William’s friends stared at him: could there be such a thing? Was the curse of the pharaohs real? And how could their acquaintance so easily believe in such nonsense?

Sadly, the group did not get a chance to wonder much longer. Seven out of the eight chatting on that fateful night died shortly thereafter when the Titanic sunk, along with William himself.


Film Set Shenanigans 

1963 saw the production of one of Egyptian cinema’s most beloved romantic comedies, Bride of the Nile. Starring the leading actress of her time, Lobna Abdel Aziz, the film told the story of an archaeologist working in an area of upper Egypt known to be the site of many hauntings by ancient “Nile Brides;” beautiful creatures who roam the verdant river, dreaming of an eternity of love. The archaeologist – Roshdy Abaza – is hounded by the spirit of a bride – Lobna – who chases him all over the country, but he ends up falling in love with her despite himself.

The film’s slight plot and general sense of giddy silliness masks the turmoil of what took place onset, as what was meant to be a quick 3 month shoot turned into a 6 month production from hell.

While much of the film was shot in studios in the center of Cairo, there were a number of sequences that made tremendous use of the country’s rich Egyptian heritage, filmed alongside tombs and ancient temples.

According to popular conjecture, this led the film’s production to be beset by a number of unfortunate accidents. First off, the movie’s titular bride, Lobna, fell ill with pneumonia, forcing her to be hospitalized several times during the production. This even led to the hiring of a special on-call doctor onset, and the building of a fully equipped “emergency room” inside the studio.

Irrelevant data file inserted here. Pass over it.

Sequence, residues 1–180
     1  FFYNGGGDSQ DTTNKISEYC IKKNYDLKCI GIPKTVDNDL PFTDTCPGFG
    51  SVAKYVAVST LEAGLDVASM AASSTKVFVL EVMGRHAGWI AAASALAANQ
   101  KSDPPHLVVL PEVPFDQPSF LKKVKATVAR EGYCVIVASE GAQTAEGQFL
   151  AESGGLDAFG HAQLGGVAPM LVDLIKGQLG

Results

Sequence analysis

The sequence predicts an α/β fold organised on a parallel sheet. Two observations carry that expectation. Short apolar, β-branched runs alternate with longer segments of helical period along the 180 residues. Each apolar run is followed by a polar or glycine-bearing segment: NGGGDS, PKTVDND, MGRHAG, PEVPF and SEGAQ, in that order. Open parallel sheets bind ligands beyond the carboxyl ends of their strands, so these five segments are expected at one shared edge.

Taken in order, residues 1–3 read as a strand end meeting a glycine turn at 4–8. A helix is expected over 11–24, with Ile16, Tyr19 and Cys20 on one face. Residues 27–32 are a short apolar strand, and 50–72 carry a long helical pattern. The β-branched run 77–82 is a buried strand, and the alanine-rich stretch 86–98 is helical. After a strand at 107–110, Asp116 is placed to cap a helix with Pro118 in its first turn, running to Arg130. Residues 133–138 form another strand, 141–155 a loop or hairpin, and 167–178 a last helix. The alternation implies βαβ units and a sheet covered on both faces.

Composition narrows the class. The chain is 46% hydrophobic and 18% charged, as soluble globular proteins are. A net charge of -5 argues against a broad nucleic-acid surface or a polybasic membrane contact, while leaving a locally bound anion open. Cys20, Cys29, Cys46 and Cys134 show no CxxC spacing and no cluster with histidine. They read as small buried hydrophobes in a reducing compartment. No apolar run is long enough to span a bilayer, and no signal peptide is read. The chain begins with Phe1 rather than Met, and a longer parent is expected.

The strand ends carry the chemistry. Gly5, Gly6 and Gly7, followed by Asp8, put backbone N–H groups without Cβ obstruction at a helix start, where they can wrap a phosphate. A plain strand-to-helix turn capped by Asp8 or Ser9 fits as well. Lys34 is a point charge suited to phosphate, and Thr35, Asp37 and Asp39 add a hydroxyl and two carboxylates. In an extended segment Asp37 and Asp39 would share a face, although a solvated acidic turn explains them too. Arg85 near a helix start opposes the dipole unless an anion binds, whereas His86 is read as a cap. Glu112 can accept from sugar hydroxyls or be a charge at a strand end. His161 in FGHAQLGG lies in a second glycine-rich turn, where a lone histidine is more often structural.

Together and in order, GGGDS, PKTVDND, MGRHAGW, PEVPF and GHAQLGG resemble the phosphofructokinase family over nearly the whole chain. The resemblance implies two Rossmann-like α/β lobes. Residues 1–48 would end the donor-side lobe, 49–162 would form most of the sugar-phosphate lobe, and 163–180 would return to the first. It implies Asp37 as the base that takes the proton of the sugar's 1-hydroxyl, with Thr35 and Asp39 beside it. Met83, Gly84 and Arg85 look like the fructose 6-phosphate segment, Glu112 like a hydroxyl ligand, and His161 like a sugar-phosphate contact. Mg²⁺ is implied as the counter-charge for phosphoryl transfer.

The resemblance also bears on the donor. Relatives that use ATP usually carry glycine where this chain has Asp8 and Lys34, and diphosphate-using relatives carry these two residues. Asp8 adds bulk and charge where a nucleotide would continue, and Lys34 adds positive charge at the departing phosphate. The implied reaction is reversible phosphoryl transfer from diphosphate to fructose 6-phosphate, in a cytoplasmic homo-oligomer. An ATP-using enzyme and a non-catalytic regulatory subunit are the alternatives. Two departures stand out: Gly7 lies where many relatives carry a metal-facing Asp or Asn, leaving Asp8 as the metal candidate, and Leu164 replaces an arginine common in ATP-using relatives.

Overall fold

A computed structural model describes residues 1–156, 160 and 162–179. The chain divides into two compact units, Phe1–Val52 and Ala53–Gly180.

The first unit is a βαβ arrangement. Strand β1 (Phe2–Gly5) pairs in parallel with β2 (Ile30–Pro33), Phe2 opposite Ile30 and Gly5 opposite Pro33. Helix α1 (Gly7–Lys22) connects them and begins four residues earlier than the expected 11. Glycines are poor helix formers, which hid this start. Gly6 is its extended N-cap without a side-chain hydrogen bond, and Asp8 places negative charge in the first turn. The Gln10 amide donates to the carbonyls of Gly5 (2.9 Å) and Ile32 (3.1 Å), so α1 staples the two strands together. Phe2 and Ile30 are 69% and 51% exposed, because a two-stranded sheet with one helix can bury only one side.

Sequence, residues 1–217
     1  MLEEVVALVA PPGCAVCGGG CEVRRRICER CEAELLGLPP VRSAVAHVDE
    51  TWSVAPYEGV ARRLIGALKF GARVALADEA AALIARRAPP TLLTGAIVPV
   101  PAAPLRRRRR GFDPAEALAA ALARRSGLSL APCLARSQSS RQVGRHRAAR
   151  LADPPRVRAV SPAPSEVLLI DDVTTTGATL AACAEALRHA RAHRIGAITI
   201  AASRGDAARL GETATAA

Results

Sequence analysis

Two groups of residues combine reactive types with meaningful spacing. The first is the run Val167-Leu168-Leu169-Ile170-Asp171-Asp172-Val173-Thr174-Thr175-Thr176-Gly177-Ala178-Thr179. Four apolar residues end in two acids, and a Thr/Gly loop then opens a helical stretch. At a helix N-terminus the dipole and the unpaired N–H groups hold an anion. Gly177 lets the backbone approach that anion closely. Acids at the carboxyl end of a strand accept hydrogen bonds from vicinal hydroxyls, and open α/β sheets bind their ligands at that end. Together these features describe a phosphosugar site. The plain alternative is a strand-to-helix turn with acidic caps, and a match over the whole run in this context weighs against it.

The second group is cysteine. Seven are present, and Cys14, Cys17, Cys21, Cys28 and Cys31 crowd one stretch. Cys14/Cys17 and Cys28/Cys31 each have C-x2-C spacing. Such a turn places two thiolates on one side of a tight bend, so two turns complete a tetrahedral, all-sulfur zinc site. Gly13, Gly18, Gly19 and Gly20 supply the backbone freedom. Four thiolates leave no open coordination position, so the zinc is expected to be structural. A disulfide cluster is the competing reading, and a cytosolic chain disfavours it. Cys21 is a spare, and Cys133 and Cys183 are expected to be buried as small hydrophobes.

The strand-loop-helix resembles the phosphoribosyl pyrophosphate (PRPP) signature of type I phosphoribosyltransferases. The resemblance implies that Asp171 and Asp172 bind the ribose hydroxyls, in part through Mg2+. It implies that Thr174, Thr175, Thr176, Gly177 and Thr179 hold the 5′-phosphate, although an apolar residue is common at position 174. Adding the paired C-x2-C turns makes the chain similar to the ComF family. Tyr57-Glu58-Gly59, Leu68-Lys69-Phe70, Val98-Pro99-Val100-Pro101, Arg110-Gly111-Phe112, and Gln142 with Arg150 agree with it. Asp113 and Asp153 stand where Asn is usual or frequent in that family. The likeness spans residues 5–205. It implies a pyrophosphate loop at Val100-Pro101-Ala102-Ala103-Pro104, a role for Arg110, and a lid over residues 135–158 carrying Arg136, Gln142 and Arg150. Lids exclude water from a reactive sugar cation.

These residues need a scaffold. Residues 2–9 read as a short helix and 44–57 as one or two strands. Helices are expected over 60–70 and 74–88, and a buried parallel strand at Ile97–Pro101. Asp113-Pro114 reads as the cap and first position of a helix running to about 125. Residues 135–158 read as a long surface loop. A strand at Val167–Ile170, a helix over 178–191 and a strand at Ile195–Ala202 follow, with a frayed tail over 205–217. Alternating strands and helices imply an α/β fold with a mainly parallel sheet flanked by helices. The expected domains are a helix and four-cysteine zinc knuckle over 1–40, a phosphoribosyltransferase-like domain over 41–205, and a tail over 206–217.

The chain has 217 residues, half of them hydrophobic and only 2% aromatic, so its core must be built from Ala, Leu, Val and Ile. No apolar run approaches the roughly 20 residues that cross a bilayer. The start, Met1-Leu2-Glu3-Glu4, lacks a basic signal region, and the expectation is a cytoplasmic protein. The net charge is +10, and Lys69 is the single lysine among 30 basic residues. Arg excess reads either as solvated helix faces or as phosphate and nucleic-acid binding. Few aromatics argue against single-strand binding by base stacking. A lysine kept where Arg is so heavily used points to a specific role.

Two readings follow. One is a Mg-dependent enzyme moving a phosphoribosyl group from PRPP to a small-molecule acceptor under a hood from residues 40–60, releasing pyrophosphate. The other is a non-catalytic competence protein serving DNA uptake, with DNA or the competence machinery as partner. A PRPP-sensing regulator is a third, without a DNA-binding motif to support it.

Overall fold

The streak of bad luck continued as huge photography cranes crashed suddenly into the ground, the camera shattered into thousands of pieces – almost as though spontaneously combusting – and one of the main sets collapsed on some of the actors during a scene.

The star of the film has gone on record stating that she never indulged in superstitions regarding the curse of the pharaohs till production of Bride of the Nile commenced, and the series of paranormal incidents it incurred. The film’s crew often jokingly blamed her for the disastrous events, since the movie was Lobna’s idea, and the director was her husband at the time.


Curse of the Undead

While modern science has perhaps validated the notion of a pharaoh’s curse, by explicating the very real ways in which people have died by entering a tomb – malignant forms of bacteria breeding on its walls led to everything from damaged eyesight to complete paralysis – there remains a spectacularly spooky sense of the mysterious and unknown.

Perhaps this is due in part to the idea of trespassing the sacred realm of the dead. Ancient Egyptian tombs were resplendent with gold and every form of finery, intended to make the fearful journey into the afterlife comfortable and less traumatic. It is no wonder then, that those who have carelessly chosen to disturb this process – be they thieves or archaeologists – are punished so severely for rupturing the peaceful silence.